|Fig. 58: No fruit is borne in greater abundance than the crisp, sour, pale-yellow Otaheite gooseberry (Phyllanthus acidus). When cooked in sugar, the fruit and juice turn ruby-red. In: K. & J. Morton, Fifty Tropical Fruits of Nassau, 1946.|
This is a curious and ornamental shrub or tree, 6 1/2 to 30 ft (2-9 m) high, with spreading, dense, bushy crown of thickish, rough, main branches, in general aspect resembling the Bilimbi (q.v.). At the branch tips are clusters of deciduous, greenish or pinkish branchlets 6 to 12 in (15-30 cm) long, bearing alternate, short-petioled, ovate or ovate-lanceolate, pointed leaves 3/4 to 3 in (2-7.5 cm) long, thin, green and smooth on the upper surface, blue-green with a bloom on the underside; altogether giving the impression of pinnate leaves with numerous leaflets. There are 2 tiny, pointed stipules at the base of each leaf. Small, male, female, and some hermaphrodite, 4-parted, rosy flowers, are borne together in little clusters arranged in panicles 2 to 5 in (5-12.5 cm) long, hanging directly from leafless lengths of the main branches and the upper trunk, and the fruits develop so densely that they form spectacular masses. The fruit is oblate with 6 to 8 ribs; is 3/8 to 1 in (1-2.5 cm) wide; pale-yellow to nearly white when fully ripe; waxy, fleshy, crisp, juicy and highly acid. Tightly embedded in the center is a hard, ribbed stone containing 4 to 6 seeds.
Origin and Distribution
This species is believed to have originated in Madagascar and to have been carried to the East Indies. Quisumbing says that it was introduced, into the Philippines in prehistoric times and is cultivated throughout those islands but not extensively. It is more commonly grown in Indonesia, South Vietnam and Laos, and frequently in northern Malaya, and in India in home gardens. The tree is a familiar one in villages and on farms in Guam, where the fruit is favored by children, and occurs in Hawaii and some other Pacific Islands.
It was introduced into Jamaica from Timor in 1793 and has been casually spread throughout the Caribbean islands and to the Bahamas and Bermuda. It has long been naturalized in southern Mexico and the lowlands of Central America, and is occasionally grown in Colombia, Venezuela, Surinam, Peru and Brazil. Formerly an escape from cultivation in South Florida, there are now only scattered specimens remaining here as curiosities.
The Otaheite gooseberry is subtropical to tropical, being sufficiently hardy to survive and fruit in Tampa, Florida, where cold spells are more severe than in the southeastern part of the state. It thrives up to an elevation of 3,000 ft (914 m) in El Salvador.
The tree grows on a wide range of soils but prefers rather moist sites.
The tree is generally grown from seed but may also be multiplied by budding, greenwood cuttings, or air-layers. Seedlings will produce a substantial crop in 4 years.
The Otaheite gooseberry is prone to attack by the phyllanthus caterpiller in Florida. This pest eats the bark and also the young leaves, causing total defoliation in a few days if not controlled by pesticides.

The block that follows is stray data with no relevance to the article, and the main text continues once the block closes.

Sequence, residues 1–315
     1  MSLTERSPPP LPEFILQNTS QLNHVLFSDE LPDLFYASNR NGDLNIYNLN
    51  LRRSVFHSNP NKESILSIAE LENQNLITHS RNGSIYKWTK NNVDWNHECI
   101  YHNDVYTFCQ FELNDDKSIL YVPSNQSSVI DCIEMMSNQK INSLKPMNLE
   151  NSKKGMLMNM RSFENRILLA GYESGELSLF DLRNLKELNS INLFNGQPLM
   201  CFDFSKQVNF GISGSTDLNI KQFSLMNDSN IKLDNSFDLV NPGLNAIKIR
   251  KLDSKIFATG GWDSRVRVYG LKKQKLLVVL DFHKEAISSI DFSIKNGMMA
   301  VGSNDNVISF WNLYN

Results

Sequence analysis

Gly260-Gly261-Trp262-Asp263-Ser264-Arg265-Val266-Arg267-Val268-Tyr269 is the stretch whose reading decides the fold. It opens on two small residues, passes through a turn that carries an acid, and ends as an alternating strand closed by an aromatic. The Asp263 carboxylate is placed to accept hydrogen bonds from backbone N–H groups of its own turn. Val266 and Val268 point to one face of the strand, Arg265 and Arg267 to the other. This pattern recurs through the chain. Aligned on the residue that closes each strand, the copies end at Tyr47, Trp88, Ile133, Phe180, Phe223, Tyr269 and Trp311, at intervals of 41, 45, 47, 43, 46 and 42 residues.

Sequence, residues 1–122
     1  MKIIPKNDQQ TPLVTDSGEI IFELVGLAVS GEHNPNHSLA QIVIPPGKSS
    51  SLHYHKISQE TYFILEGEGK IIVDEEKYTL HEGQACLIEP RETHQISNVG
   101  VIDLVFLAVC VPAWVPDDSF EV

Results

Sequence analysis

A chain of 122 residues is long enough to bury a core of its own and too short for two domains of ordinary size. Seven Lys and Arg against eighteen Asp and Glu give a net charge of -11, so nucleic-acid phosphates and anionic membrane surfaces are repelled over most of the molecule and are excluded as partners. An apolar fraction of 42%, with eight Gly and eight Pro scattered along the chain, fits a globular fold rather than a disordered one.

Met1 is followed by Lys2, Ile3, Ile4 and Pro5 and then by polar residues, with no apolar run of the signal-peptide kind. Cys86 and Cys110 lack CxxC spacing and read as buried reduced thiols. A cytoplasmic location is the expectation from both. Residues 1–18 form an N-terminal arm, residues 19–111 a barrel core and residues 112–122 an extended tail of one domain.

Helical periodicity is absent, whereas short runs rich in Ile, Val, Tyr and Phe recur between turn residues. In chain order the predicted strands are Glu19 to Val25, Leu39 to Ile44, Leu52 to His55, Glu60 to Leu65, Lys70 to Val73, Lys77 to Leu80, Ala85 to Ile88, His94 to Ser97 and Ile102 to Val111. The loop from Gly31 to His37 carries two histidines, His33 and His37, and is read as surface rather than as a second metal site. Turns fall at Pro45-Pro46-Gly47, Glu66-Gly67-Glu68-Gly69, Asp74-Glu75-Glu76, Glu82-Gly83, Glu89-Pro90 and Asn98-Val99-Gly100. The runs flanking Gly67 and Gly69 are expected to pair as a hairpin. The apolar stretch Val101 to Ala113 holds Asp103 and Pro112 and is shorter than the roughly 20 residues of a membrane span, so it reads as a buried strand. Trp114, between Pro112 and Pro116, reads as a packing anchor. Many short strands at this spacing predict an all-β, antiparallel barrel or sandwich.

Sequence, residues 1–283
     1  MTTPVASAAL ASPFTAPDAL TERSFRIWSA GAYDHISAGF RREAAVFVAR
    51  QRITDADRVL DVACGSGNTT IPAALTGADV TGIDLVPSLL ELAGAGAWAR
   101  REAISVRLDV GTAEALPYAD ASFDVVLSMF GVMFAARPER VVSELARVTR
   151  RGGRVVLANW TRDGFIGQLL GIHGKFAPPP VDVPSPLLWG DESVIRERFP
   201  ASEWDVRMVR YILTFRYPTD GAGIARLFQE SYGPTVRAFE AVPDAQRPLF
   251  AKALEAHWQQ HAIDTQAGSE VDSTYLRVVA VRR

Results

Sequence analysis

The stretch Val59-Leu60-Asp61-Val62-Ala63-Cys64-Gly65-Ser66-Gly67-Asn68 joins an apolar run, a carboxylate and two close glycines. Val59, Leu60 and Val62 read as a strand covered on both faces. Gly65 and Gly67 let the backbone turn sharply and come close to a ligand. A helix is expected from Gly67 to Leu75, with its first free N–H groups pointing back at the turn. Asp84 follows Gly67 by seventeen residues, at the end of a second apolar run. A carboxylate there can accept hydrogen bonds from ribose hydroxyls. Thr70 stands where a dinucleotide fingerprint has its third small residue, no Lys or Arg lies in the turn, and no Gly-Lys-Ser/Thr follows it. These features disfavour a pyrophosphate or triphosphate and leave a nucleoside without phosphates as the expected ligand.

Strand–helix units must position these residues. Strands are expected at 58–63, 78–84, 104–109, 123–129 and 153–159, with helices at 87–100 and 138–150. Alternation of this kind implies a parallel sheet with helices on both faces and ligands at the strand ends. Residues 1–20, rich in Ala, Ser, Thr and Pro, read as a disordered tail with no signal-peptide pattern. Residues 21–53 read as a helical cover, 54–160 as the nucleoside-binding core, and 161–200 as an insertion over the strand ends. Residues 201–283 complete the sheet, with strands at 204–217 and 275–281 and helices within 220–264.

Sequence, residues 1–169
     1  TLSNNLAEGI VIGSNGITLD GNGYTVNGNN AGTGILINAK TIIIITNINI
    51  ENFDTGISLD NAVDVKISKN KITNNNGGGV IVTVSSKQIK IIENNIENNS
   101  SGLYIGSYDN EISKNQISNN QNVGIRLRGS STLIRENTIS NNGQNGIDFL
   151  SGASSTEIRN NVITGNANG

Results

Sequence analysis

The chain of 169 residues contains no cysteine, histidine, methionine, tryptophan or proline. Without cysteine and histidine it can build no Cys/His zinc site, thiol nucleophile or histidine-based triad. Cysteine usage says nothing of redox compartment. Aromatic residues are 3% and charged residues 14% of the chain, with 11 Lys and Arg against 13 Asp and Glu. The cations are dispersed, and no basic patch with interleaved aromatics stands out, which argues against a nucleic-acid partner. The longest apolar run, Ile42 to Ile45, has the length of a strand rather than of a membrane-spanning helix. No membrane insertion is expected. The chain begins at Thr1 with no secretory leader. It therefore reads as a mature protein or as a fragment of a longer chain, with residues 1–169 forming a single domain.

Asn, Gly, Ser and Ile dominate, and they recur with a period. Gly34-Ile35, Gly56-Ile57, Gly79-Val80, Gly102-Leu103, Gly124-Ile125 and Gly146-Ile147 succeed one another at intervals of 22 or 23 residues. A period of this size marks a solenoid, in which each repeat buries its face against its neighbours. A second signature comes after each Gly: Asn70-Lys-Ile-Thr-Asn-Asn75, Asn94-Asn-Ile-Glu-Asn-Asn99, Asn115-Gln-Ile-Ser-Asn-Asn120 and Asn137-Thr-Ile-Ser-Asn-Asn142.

The tree often bears two crops a year in South India, the first in April and May, and the second in August and September. In other areas, the main crop is in January with scattered fruiting throughout the year.
The flesh must be sliced from the stone, or the fruits must be cooked and then pressed through a sieve to separate the stones. The sliced raw flesh can be covered with sugar and let stand in the refrigerator for a day. The sugar draws out the juice and modifies the acidity so that the flesh and juice can be used as a sauce. If left longer, the flesh shrivels and the juice can be strained off as a clear, pale-yellow sirup. In Indonesia, the tart flesh is added to many dishes as a flavoring. The juice is used in cold drinks in the Philippines. Bahamian cooks soak the whole fruits in salty water overnight to reduce the acidity, then rinse, boil once or twice, discarding the water, then boil with equal amount of sugar until thick, and put up in sterilized jars without removing seeds. The repeated processing results in considerable loss of flavor. Fully ripe fruits do not really require this treatment. If cooked long enough with plenty of sugar, the fruit and juice turn ruby-red and yield a sprightly jelly. In Malaya, the ripe or unripe Otaheite gooseberry is cooked and served as a relish, or made into a thick sirup or sweet preserve. It is also combined with other fruits in making chutney and jam because it helps these products to "set". Often, the fruits are candied, or pickled in salt. In the Philippines, they are used to make vinegar.
The young leaves are cooked as greens in India and Indonesia.
Food Value Per 100 g of Edible Portion*
|Ascorbic Acid||4.6 mg|
*According to analyses made in El Salvador.
Wood: The wood is light-brown, fine-grained, attractive, fairly hard, strong, tough, durable if seasoned, but scarce, as the tree is seldom cut down.
Root bark: The root bark has limited use in tanning in India.
Medicinal Uses: In India, the fruits are taken as liver tonic, to enrich the blood. The sirup is prescribed as a stomachic; and the seeds are cathartic. The leaves, with added pepper, are poulticed on sciatica, lumbago or rheumatism. A decoction of the leaves is given as a sudorific. Because of the mucilaginous nature of the leaves, they are taken as a demulcent in cases of gonorrhea.
The root is drastically purgative and regarded as toxic in Malaya but is boiled and the steam inhaled to relieve coughs and headache. The root infusion is taken in very small doses to alleviate asthma. Externally, the root is used to treat psoriasis of the soles of feet. The juice of the root bark, which contains saponin, gallic acid, tannin and a crystalline substance which may be lupeol, has been employed in criminal poisoning.
The acrid latex of various parts of the tree is emetic and purgative.